Alina Chau's Marshmallow & Jordan is a middle-grade graphic novel about a disabled, sports-loving Jordan, and the magical elephant named Marshmallow who she befriends.
Jordan's days as star player for her school's basketball team ended when an accident left her paralyzed from the waist down. Now, she's still the team captain, but her competition days seem to be behind her...until an encounter with a mysterious elephant, who she names Marshmallow, helps Jordan discover a brand new sport.
Will water polo be the way for Jordan to continue her athletic dreams--or will it just come between Jordan and her best friends on the basketball team? And with the big tournament right around the corner, what secret is Marshmallow hiding?
About the Author
Alina Chau is an award-winning filmmaker and artist. Her credits include the Emmy Award-winning Star Wars: The Clone Wars animated series, and numerous best-selling games. She illustrated The Nian Monster, which received the 2018 APALA Picture Book Honor. Her creative vision is strongly influenced by her Chinese-Indonesian upbringing. As a child, she was always fascinated by her grandmother’s stories, colorful sarongs, and delicate wooden sculptures brought from Southeast Asia. The aroma of Indonesian food still brings back loving memories of sitting next to Grandma and drawing while Grandma prepared spices from scratch. Marshmallow & Jordan is inspired by the wonderful memories she and her grandmother shared.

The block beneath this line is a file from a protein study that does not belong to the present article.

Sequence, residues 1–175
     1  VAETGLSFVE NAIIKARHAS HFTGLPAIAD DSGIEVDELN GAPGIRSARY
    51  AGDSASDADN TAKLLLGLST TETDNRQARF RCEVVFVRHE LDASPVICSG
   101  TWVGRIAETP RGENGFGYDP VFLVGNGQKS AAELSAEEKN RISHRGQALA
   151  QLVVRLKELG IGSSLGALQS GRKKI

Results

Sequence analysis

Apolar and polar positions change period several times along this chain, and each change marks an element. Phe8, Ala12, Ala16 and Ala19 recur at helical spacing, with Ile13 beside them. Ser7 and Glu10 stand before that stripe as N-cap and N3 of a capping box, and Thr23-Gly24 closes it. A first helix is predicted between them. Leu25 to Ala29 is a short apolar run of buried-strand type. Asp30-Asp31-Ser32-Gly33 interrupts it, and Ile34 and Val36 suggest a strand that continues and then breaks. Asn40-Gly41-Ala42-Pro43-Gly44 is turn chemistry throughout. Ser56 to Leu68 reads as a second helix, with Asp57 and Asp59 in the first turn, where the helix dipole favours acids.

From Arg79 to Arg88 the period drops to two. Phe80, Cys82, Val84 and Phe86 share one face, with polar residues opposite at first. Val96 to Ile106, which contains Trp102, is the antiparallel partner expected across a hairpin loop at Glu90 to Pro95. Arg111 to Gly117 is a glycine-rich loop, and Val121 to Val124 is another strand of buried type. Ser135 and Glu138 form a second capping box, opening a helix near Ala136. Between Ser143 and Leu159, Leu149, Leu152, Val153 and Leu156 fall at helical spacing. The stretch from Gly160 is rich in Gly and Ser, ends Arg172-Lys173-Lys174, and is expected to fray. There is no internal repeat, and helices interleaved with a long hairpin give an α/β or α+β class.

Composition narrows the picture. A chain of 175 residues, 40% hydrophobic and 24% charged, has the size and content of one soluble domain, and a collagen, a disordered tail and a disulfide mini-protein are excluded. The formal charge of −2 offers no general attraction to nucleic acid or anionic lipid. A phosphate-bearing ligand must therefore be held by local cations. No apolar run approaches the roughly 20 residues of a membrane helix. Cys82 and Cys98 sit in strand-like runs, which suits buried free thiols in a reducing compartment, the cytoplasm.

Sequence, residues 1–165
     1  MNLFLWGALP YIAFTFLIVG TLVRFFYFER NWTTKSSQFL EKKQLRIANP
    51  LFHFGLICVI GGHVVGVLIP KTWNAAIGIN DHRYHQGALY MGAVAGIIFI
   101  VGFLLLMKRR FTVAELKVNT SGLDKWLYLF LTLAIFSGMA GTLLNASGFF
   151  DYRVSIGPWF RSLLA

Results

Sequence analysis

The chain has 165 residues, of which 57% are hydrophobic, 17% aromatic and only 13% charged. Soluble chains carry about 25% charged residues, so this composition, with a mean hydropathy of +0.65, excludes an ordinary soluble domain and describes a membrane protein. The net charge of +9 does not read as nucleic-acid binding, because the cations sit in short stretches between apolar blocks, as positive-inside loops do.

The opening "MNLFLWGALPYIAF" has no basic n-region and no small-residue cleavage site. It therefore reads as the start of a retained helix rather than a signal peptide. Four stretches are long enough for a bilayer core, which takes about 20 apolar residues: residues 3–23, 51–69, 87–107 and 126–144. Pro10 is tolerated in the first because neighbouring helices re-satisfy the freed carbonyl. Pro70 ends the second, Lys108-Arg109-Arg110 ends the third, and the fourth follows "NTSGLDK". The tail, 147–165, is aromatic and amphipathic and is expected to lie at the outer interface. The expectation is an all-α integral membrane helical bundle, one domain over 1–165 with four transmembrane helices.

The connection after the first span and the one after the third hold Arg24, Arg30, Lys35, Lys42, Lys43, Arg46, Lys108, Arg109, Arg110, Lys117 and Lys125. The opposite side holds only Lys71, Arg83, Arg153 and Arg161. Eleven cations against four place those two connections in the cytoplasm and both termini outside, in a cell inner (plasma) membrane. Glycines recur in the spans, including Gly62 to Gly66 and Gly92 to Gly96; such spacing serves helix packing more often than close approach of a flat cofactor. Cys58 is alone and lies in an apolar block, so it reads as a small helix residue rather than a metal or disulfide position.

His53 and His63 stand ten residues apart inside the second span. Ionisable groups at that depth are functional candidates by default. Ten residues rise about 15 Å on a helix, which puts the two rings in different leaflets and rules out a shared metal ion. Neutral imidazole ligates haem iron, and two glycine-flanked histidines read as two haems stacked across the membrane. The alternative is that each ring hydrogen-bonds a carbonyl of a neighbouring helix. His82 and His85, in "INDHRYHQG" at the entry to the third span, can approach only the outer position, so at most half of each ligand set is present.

"A sweet story greatly enhanced by whimsical, heartfelt art."—Kirkus
"Indonesian terms and customs abound amid the cast of varying cultures, religions, and skin tones, and a tropical palette balances energetic action sequences and quiet wordless imagery in this feel-good graphic novel with sequel potential."—Publishers Weekly
"An enchanting graphic novel about a girl and her elephant with truly lovely artwork. Highly recommended."—School Library Journal
"From the first page, author-illustrator Chau’s background in animation is clear: her soft and saturated watercolors immediately situate readers in the story’s setting and close-knit community, with little text."—Horn Book